Crafting Character

DuelBrewery-MelyssaHolik-6630At first glance, Duel Brewing is deceptively inconspicuous. It’s tucked back in a business park off Siler Road; not the sort of place you happen upon during a day out strolling the streets of Santa Fe. You almost have to be looking for it to find it, and that’s part of the allure. It’s one of Santa Fe’s secret places, popular among locals and deliciously far off the beaten path. Its quiet exterior hasn’t stopped it from getting locals’ attention—and carving out a unique niche in the Santa Fe brewery scene.

Once inside, as one patron put it, “it’s like a whole other world.” The tap room is surprisingly spacious, with no TV sets but instead a collection of thought-provoking paintings and art objects adorning the walls. The U-shaped bar invites conversation even amongst strangers. Despite the high ceilings and sparse décor, it somehow manages to feel cozy and welcoming. This is partly because of the friendly and laid-back wait staff, and partly because of owner Trent Edwards’ motivations. “I just want people to feel good when they are here,” he says.

Duel Brewing

And feel good, they do. Every type of Santa Fean seems to come to Duel to relax and unwind, and everyone seems to be comfortable here. You’ll see a real cross section of the city here: young, old, artists, musicians, athletes, foodies, Spanish speakers, English speakers, misfits, rebels, beer enthusiasts and beer newbies—and everyone looks like they belong. “Beer has always brought people together,” Trent says, “and that’s what we’re doing.”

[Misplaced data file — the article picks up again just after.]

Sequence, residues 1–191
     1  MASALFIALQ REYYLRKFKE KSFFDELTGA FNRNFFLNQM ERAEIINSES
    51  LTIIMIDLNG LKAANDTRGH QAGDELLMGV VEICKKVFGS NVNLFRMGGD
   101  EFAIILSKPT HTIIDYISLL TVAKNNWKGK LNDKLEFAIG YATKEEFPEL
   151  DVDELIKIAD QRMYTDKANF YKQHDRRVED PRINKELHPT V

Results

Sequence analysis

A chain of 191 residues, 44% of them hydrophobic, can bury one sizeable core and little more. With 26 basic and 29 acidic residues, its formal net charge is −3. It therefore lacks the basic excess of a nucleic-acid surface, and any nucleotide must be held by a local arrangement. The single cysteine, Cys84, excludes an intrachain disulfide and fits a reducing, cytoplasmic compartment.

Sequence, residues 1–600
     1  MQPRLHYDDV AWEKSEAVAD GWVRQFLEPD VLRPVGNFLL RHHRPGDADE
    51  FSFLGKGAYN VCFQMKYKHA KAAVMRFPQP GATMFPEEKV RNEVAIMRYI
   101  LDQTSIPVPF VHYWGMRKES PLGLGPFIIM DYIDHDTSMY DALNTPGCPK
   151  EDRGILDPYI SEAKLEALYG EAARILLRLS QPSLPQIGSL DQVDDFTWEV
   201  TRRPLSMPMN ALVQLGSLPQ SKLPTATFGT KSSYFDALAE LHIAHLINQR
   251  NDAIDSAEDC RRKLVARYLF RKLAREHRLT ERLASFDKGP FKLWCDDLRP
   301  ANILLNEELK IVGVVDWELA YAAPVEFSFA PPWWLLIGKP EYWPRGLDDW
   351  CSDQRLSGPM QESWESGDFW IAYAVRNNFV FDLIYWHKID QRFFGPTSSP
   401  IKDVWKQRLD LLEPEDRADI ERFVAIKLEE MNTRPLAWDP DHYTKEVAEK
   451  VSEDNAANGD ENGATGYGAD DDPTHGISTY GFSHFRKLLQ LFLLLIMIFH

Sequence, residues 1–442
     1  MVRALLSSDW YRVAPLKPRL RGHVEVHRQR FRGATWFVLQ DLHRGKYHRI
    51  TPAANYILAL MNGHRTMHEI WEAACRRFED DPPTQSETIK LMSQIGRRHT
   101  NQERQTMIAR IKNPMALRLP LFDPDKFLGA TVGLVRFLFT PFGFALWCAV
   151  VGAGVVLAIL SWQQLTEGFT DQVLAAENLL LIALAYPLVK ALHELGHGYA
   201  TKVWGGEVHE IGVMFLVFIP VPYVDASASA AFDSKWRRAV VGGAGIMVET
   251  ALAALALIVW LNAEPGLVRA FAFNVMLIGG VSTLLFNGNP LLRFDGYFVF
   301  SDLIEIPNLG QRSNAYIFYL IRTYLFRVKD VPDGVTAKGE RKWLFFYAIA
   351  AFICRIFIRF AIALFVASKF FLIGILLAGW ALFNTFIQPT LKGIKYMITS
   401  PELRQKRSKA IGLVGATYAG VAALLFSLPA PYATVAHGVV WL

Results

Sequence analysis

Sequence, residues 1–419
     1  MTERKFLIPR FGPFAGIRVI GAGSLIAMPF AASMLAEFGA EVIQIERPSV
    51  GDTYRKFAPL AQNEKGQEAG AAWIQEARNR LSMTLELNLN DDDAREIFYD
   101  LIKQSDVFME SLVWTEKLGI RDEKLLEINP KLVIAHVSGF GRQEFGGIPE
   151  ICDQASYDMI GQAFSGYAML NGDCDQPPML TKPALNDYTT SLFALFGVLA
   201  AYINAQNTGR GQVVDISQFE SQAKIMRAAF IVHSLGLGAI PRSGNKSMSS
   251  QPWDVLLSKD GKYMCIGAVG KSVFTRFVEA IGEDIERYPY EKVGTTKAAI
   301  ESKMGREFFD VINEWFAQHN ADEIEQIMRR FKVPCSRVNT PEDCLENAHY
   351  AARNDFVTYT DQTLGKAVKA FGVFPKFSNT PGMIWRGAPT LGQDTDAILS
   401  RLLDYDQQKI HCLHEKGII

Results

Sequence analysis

Duel couldn’t have picked a better time to start bringing people together with beer. Craft brewing has seen a huge increase in popularity over the past decade, and the growth of microbreweries has easily outpaced the growth of corporate titans like Anheuser-Busch. Beer connoisseurs debate the merits of cascade or centennial hops, savor the flavors from various malts or yeasts and match their beer to the season, their moods and their foods. There’s no doubt that the number of microbreweries opening in the U.S. has exploded and the public’s appreciation for craft beers is on the rise.

Duel BrewingSipping on a glass of Duel Tableaux, it’s easy to see why. The beer arrives in a lovely tulip glass, a beautiful deep chocolatey brown and brimming with stiff foam. It’s a barrel-aged Sour Dark Ale, and it’s smooth as can be. There’s very little bitterness to Duel’s beer; in fact, it’s almost sweet. Despite its high alcohol content, it’s extremely easy to drink. Duel offers a constantly changing selection of beers, which range in color from the deepest brown to pale yellow, in styles from light Wittbier to Strong Dark Ale. Many of them are named for artists: there’s Goya, Titian, Duchamp and the latest release, Grunewald. For anyone who’s unsure of which beer to select, a tasting flight is also available.